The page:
Grand Casemates Gates

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Grand Casemates Gates
Casemates Gates
Part of Fortifications of Gibraltar
Grand Casemates Square, Gibraltar
Outside view of Grand Casemates Gates as seen from Market Place.
Fortifications of Gibraltar in 1597 (north is to the left in this map). The Old Mole, extending into the bay, is in the lower left. The enclosure above the base of the mole was the shipyard. The gate from the yard to the base of the mole is just visible.
Grand Casemates Gates is located in Gibraltar
Grand Casemates Gates
Grand Casemates Gates
Coordinates36°08′43″N 5°21′11″W / 36.145248°N 5.353075°W / 36.145248; -5.353075
Site information
OwnerGovernment of Gibraltar
Open to
the public
Site history
Built1727 (1727)

Grand Casemates Gates, formerly Waterport Gate, provide an entrance from the northwest to the old, fortified portion of the city of the British Overseas Territory of Gibraltar, at Grand Casemates Square.


The Rock of Gibraltar, linked to mainland Spain by a low isthmus, extends south into the Strait of Gibraltar which connects the Mediterranean Sea with the Atlantic Ocean. It is a strategic location that has been occupied in turn by the Moors, Spanish and British. The Rock is inaccessible on its eastern side, which rises in a tall and steep cliff. The town lies on the west side along the shore of the Bay of Gibraltar.[1] For many years a gate provided access from the sea into the northwest of the town through the defensive wall that ran along the shore of the bay.[2]

The Moors occupied Gibraltar for centuries until Ferdinand IV of Castile took Gibraltar in the 1309 siege.[3] In 1333 the Moors retook Gibraltar after a lengthy siege.[4] The Spanish regained Gibraltar in August 1462 during its eighth siege.[5] In 1704, during the War of the Spanish Succession, a combined Anglo-Dutch force captured the town of Gibraltar. In 1713 Spain ceded the Rock to the British "in perpetuity". Over the years that followed the British made extensive improvements to the defenses.[6]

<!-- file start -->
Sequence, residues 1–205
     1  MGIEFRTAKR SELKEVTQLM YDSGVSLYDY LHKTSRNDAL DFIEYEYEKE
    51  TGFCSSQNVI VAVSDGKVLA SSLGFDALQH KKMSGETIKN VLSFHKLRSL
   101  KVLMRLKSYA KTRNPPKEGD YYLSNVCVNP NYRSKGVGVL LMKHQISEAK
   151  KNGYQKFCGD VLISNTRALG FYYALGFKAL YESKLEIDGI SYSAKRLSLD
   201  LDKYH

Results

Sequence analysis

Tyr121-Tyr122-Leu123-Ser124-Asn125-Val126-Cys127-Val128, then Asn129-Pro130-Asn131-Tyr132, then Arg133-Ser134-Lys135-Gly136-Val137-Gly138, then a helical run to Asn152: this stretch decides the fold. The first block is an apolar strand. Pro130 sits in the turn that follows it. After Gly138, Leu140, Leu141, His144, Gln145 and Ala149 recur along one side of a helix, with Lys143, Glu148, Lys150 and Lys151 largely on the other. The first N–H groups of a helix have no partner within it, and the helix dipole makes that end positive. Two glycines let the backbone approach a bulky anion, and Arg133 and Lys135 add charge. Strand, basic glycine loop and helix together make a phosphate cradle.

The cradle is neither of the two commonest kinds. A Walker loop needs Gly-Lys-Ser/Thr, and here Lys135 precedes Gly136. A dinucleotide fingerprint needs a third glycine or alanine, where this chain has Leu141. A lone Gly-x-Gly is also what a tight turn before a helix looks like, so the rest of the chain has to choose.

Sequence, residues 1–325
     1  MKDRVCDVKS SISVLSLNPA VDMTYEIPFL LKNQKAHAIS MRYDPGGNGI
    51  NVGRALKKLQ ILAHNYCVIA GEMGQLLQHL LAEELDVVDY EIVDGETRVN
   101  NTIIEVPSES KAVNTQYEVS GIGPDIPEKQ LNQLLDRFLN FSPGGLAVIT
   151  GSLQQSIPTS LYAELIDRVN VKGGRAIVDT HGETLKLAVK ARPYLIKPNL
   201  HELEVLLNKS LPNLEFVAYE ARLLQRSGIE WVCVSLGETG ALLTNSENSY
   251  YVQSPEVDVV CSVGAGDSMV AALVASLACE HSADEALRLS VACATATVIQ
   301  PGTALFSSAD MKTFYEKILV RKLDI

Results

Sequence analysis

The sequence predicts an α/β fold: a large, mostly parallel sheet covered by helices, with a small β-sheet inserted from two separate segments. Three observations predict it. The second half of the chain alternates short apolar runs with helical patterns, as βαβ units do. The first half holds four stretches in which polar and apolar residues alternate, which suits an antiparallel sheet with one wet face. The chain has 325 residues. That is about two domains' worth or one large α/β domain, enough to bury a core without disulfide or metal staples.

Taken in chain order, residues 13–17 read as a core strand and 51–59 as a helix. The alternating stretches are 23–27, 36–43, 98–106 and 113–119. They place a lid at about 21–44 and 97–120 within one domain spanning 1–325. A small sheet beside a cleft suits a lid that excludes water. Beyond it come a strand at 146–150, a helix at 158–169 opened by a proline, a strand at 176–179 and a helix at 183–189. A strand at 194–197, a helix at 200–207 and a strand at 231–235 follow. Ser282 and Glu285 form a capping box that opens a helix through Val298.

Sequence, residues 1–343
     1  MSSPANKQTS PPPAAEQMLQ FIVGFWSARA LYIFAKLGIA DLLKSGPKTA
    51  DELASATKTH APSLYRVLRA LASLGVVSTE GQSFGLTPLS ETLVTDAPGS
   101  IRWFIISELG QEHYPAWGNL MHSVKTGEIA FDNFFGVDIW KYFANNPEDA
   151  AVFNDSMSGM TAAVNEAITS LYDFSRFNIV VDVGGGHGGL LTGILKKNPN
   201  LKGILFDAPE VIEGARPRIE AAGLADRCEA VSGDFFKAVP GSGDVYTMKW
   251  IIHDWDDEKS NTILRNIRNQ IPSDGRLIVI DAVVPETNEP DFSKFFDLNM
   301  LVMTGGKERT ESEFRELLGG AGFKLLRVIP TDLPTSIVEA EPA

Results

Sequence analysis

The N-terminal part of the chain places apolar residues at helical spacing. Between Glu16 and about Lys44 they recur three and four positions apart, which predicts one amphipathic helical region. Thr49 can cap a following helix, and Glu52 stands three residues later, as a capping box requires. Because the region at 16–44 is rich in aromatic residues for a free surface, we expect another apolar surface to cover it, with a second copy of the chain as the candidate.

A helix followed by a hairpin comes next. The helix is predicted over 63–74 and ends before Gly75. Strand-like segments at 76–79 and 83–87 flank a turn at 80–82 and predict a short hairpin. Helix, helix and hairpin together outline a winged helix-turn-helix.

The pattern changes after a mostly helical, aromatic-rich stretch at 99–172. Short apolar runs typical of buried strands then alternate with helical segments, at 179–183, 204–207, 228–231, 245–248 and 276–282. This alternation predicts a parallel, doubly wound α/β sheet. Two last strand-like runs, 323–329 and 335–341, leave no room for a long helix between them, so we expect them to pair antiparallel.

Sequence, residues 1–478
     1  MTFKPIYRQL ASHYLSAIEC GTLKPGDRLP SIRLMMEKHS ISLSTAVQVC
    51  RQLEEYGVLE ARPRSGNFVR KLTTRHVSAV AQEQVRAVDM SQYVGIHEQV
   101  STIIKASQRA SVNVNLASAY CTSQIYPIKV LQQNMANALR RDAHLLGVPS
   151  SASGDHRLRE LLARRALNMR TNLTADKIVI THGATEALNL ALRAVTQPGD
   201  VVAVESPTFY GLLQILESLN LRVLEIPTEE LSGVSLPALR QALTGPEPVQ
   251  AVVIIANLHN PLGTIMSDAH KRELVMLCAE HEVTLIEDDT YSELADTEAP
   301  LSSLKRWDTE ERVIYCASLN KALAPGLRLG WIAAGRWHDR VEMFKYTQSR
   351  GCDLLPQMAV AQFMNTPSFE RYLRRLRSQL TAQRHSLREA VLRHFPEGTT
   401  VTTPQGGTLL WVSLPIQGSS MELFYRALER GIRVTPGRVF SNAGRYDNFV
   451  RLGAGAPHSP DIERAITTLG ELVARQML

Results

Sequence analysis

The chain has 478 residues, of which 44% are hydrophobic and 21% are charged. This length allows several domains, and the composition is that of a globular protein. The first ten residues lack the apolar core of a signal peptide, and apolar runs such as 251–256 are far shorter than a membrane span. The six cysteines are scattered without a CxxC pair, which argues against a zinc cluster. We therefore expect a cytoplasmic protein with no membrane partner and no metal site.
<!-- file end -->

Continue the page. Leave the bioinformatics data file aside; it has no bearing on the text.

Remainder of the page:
Moorish and Spanish structures[edit]

The northern approaches to the town were defended by a Moorish Castle on the slopes of The Rock, from which walls ran down to the shore of the Bay of Gibraltar.[7] Around 1310 Ferdinand IV ordered the Giralda Tower to be built on the coast at the west end of the wall to protect the dockyard.[3] The Moors built a line wall, running south from the tower along the bay's western shore, which the Spanish later improved.[8] The Giralda Tower was converted into the North Bastion by the Italian engineer Giovan Giacomo Paleari Fratino in the 1560s.[9]

The esplanade just south of the tower is now Grand Casemates Square. It was a walled area where the Moors built their galleys. These were launched through a large arch in the line wall just north of today's Grand Casemates Gates, leading to the Waterport.[8] The Moorish Sea Gate (Spanish: Puerta del Mar) provided one of the three access gates to La Barcina, the shipbuilding area that is now Grand Casemates Square. The others were the Land Gate (Spanish: Puerta de Tierra now Landport Gate) and a southern gate, the Barcina Gate, through a wall that no longer exists.[2]

The Old Mole extending into the bay from a point just south of the tower provided shelter for trading vessels.[10] The mole provided an anchoring line for the galleys. An aqueduct ran from a well to the south along the line wall to the Waterport, where it replenished a reservoir from which water for the galleys was drawn.[11]

British developments[edit]

The British built the Line Wall Curtain in the 18th century running north–south along the shore of the bay.[12] It incorporates, and is to some extent built upon, older Spanish and Moorish fragments.[12] The Line Wall Curtain runs from the North Bastion south along the western coast of the town to Engineer Battery, just south of the New Mole. It protected the town from bombardment from ships in the bay and from troops landing from the sea.[13] The Moorish Sea Gate in the old line wall lay just north of today's Grand Casemates Gates, and was closed up.[8] The Waterport Gate, providing access to the town through the Line Wall from the shore south of North Bastion, was opened by the British in 1727.[14]

The Waterport Gate was the main entrance to Gibraltar in the early days of British occupation, described in 1748 as consisting